Heading down the fast track
What was once a childhood dream is close to becoming a reality for 27-year-old Scott Stenzel. Like many young boys, he loved dirt bikes, four wheelers, go-carts...anything built for speed. He also dreamed of someday being a big-time racecar drive...
What was once a childhood dream is close to becoming a reality for 27-year-old Scott Stenzel.
Like many young boys, he loved dirt bikes, four wheelers, go-carts...anything built for speed. He also dreamed of someday being a big-time racecar driver.
Scott, the son of Mike and Sue Stenzel, lived his first eight years in Mankato. He was introduced to racing in his neighbor's back yard, which contained a small dirt track oval. He visited often just to be close to the racing action.
He moved with his family to Alexandria in 1988 when his dad, a postal worker, was transferred. Ironically, his new friend and neighbor, Josh Fischer, had a small dirt track oval built in his back yard.
Josh often let Scott drive his four-wheelers, go-karts, dirt bikes, and even some cars they found in the junkyard.
His dad helped him build a go-kart. Since there was no budget for racing in the Stenzel family, the only place to race was on the Fischers' back yard track.
Scott spent countless hours there making laps, and then more time on a tractor grading out the grooves he wore into the track.
"I remember when I was about 14 years old and my dad told me to watch this Jeff Gordon guy," Stenzel recalled. "I knew then that I wanted to be that person. I wanted to do what Jeff Gordon had done."
At age 16, he entered the FASCAR racing league. He worked as a part-time shelf stocker at a grocery store, a part-time laborer for his father's marine removal and installation service, and worked night shifts at a food and dairy plant, saving up enough money to get his foot in the door in the racing world.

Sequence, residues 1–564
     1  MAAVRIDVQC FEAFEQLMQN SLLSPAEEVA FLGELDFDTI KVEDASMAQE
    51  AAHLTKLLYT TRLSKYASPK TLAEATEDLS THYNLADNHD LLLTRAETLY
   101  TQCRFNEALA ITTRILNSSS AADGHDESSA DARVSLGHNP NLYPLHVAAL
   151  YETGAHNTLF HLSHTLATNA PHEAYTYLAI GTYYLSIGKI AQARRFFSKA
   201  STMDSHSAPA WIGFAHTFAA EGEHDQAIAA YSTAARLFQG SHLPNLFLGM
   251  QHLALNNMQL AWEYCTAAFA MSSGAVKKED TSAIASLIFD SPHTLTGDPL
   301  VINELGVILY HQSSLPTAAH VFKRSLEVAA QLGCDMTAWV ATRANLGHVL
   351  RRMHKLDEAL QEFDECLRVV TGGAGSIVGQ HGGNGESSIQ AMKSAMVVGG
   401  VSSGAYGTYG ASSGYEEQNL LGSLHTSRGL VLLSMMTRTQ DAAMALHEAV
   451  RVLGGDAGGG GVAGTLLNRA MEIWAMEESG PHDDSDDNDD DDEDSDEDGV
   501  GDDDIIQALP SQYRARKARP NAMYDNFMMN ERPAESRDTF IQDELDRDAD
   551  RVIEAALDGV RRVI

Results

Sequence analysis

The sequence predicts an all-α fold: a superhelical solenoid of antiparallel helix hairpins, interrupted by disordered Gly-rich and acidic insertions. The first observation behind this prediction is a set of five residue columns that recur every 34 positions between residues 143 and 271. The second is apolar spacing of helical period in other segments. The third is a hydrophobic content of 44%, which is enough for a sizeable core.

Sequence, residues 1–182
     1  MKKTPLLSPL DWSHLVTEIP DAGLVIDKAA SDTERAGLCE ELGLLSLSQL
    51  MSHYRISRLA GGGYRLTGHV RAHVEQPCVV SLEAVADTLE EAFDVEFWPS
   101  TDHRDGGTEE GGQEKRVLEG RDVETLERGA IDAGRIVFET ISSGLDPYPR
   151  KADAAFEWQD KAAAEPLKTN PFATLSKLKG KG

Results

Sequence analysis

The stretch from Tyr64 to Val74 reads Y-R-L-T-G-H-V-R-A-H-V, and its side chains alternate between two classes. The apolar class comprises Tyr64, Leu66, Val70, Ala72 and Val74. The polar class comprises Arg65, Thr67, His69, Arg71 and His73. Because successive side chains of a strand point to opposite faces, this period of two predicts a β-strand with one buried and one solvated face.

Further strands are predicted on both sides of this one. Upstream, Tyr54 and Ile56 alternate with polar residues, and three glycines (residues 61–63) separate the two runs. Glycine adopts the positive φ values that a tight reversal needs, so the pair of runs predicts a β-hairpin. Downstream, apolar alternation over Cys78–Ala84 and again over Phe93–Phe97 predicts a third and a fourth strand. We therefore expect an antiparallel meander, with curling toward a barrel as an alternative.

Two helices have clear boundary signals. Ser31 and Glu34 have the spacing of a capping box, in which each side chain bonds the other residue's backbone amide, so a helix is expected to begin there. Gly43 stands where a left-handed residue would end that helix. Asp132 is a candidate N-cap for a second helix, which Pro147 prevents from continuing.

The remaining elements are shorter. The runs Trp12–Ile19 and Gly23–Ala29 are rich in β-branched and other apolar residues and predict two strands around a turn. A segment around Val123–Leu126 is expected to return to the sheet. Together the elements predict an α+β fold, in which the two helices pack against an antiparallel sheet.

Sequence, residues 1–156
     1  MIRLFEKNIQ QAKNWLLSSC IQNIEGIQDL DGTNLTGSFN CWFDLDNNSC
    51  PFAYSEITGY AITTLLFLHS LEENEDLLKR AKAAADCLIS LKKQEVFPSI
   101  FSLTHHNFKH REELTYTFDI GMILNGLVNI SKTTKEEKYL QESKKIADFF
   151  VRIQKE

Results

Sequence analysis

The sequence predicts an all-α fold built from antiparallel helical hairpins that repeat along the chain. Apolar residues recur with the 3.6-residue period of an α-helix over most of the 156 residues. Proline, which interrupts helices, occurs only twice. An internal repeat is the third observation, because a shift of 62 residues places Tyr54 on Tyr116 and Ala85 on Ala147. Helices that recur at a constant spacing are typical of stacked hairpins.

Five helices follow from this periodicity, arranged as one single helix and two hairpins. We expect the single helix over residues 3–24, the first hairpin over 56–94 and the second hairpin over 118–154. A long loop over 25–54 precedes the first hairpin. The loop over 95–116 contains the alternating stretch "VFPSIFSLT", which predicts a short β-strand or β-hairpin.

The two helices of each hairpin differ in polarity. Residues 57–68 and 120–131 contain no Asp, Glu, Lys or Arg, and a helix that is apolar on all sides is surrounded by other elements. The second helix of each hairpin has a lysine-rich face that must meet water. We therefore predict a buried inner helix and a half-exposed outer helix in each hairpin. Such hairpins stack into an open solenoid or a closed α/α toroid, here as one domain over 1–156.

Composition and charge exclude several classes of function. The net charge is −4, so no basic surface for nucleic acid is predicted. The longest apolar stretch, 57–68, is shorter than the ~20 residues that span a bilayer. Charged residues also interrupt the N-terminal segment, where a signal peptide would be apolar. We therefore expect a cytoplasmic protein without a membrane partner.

During his high school years, he assembled three racecars, one for dirt and two for pavement. He did it with his own money, donated parts, the help of friends and family, and various sponsors.
His first official sponsor was a Web site design company that paid for his entire third season of Enduro racing at the I-94 Raceway in Sauk Centre and the Fergus Falls Raceway.
During the winter months, Scott got his adrenaline rush through snowboarding, tying for second in the 1998 Division Championships. He went on to compete in the USA Snowboard Association (USASA) national competition, receiving a 37th place national ranking despite a sprained ankle.
In 1999, he decided it was time to give it all up and focus on his future. He sold his racecars and gear as well as his snowboarding equipment and gear.
He graduated from Jefferson High School in Alexandria in 1999 with honors and a 3.97 grade point average, and set his sights on college.
He attended school at North Dakota State University in Fargo, Valencia Community College in Orlando, Florida, and Full Sail Real World Education in Orlando, Florida.
During that time, he continued to get his racing fix by participating in simulated on-line racing leagues